After a productive day, Louise was thrilled to have been involved in the student clinic and continues to work towards helping the younger generation of designers.
Top 5 Q&As from the Day
Q. Should my CV be 1 or 2 pages and is it laid out correctly?
Louise stated that many students were concerned about the size of their portfolio and if it was laid out correctly. Whilst these details differ between students depending upon the nature of their work, Louise did her best to guide them.
Dr Lynn Jones also has some expertise in that area and provided students with advice about their CV’s and how to approach potential employers for work.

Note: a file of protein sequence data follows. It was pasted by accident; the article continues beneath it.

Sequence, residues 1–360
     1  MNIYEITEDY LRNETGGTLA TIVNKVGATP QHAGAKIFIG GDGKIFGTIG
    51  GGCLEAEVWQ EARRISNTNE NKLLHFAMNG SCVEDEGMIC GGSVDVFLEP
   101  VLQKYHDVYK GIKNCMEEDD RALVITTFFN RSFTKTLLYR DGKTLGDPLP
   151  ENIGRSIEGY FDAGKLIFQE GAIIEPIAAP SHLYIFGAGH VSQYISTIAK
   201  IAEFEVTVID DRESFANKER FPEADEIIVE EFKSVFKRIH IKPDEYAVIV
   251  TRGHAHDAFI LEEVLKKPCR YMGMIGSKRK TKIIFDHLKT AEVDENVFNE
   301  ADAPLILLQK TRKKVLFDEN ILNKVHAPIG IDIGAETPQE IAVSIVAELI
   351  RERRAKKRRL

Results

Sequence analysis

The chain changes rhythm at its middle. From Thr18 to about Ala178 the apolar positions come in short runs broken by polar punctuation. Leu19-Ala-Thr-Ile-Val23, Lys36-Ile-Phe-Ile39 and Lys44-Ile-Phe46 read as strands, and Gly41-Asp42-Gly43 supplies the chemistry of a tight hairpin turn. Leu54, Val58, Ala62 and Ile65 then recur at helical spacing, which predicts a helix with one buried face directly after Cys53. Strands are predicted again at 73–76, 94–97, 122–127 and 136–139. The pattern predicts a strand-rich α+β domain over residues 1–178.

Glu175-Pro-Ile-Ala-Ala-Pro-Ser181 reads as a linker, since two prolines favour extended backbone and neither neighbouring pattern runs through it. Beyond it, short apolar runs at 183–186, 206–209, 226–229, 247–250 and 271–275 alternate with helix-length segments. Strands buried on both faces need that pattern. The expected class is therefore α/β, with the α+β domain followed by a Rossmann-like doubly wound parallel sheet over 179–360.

Louise suggested that from a pure design perspective, CV’s are expected to be creative and reflect the design skills of the individual student. A CV is another way to show an employer that you can think outside the box. This was reiterated by Lynn in her presentation on the day, Lynn stated, “does a CV have to be a few sides of A4?” It could be something really unusual that will catch an employer’s eye”.
Q. Should I have more industry knowledge?
Louise told students that it’s encouraging when they approach companies and are proactive about potential employment. Students should research the company thoroughly, their clients, and also past projects. There is nothing worse than asking an interviewee what they know about your company and their response is either an awkward silence or a sentence they’ve memorised from your website which shows little evidence of any research.